The first time I made Momofuku roasted pork belly I was pretty happy with the results, aside from the fact that it got a little too crispy (ok, burnt) on top. I chalked it up to lack of air flow in the toaster oven compared to the oven-oven. The burntness aside, my other complaint was that the piece of meat that I started with was too thin to get a decent slice of belly featuring the gorgeous layering of meat and fat.
The problem with the too thin cut of meat was easily solved: I bought a thicker slice of meat and set out with high hopes. This time I would roast it the right way, in the oven, and my belly would be golden meltingly tender meat.
There are two philosophies of meat roasting: 1. high heat to sear, then low and slow, or 2. low and slow, then high heat to finish. Chang’s belly follows the first philosophy, sear the meat so the outside is toasty and and then cook it low and slow so the meat is tender. The initial high heat renders out a bunch of fat so that when you get to the low and slow, you’re basically confiting the belly in it’s own pork fat bath.
In theory, this cooking method works. I’m sure Momofuku’s pork bellies come out great every time. Mine, on the other hand burn and shrink. Too much fat is rendered out and I’m left with tiny burnt remnants of what used to be luscious belly. Even using the oven to improve air circulation didn’t help. I started out with a piece of belly the size of, oh, let’s say a paper back novel and ended up with a charred piece of meat the size of a chocolate bar. Needless to say, I was sad.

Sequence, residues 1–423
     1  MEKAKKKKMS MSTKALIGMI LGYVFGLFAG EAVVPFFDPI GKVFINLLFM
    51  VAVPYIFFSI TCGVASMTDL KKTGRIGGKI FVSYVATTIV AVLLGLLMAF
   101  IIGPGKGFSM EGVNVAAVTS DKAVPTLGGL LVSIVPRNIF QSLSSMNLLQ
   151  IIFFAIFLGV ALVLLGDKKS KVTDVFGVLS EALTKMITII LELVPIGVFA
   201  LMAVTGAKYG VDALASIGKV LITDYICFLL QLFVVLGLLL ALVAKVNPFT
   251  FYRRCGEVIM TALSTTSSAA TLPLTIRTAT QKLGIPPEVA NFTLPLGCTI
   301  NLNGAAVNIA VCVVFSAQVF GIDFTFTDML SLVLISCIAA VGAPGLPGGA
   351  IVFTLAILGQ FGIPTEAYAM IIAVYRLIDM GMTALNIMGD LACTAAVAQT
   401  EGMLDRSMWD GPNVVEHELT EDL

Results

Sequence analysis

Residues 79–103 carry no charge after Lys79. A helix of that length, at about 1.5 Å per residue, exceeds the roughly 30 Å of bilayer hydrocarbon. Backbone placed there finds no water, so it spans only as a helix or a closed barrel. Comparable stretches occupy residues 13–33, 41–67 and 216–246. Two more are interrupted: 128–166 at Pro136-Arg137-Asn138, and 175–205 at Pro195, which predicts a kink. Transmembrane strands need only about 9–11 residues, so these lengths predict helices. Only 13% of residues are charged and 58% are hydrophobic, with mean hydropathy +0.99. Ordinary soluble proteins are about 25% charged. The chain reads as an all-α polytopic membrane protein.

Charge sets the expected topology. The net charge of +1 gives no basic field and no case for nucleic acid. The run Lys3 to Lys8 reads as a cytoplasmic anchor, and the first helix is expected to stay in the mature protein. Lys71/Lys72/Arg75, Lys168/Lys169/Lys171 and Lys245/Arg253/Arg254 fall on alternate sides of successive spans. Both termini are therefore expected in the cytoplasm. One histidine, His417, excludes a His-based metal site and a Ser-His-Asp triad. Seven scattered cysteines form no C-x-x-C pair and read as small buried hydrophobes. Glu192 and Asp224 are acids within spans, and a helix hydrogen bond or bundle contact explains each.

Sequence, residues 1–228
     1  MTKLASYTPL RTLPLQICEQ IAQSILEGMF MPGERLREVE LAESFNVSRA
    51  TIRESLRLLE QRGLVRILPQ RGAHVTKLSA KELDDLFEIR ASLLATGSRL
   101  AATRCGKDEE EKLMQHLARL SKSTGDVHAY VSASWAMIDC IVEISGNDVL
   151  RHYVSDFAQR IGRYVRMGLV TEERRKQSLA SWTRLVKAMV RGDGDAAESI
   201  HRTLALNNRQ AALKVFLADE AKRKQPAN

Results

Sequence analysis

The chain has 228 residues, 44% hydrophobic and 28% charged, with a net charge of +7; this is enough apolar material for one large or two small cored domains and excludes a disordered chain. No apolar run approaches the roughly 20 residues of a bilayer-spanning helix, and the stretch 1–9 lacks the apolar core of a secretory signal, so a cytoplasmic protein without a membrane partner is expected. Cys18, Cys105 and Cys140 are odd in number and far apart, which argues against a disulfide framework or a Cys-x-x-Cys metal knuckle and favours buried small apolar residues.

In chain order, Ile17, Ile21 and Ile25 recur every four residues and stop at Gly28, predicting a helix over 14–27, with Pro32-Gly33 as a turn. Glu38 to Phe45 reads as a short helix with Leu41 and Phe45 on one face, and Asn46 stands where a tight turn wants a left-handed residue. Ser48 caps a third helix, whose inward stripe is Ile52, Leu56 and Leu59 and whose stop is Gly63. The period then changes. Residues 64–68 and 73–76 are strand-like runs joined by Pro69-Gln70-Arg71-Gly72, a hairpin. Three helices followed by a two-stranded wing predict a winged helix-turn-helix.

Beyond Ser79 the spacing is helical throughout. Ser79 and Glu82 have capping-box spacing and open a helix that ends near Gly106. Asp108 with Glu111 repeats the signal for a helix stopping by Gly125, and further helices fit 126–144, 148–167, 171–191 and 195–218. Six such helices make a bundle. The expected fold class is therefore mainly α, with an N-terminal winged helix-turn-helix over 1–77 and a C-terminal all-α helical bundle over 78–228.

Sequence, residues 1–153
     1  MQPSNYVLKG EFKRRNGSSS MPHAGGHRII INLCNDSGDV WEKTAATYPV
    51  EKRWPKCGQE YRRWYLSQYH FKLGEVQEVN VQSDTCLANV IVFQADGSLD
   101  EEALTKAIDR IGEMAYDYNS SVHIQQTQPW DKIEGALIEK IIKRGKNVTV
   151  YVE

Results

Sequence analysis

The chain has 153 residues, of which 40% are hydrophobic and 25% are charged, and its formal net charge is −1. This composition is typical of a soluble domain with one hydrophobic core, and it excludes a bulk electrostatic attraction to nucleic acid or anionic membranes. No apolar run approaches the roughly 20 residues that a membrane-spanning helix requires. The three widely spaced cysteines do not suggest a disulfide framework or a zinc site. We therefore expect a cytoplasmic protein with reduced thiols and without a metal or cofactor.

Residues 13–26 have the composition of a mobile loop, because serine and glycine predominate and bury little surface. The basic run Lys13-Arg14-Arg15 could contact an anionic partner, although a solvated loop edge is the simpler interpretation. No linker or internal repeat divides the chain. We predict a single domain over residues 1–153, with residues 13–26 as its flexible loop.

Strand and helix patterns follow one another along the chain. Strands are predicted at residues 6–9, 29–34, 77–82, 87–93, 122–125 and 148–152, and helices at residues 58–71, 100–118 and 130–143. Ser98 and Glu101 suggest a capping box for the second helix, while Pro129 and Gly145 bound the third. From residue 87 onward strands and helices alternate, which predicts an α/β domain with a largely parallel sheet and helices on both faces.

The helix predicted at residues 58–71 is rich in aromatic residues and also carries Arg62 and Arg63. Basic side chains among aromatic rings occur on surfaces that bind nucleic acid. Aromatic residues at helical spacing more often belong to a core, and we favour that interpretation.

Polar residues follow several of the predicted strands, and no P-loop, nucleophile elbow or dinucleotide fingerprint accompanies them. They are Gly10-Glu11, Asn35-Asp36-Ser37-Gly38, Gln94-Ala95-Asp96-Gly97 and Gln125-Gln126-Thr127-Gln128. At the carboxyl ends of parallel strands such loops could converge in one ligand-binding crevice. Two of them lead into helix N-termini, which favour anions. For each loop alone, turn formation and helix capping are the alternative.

I was determined to roast a perfect piece of belly for my pork buns so I did what any obsessive-compulsive person would do: I bought another piece of belly to try again. This time I deliberated at the meat counter until I saw the thickest, meatiest piece of belly they had.
After two failed trials of meat roasting philosophy 1, I knew it was time to move on to meat roasting philosophy 2: low and slow with high heat to finish. To ensure my success, I also decided to cover the belly with parchment paper so there wouldn’t be excessive browning on top. I put the belly in a 250˚F toaster oven for over 3 hours and near the end removed the parchment paper, basted, and cranked the temperature up to 400˚F.
Success, delicious success: golden brown, pillowy-soft, visible layers of meat and fat. It was the most beautiful pork belly I ever did see!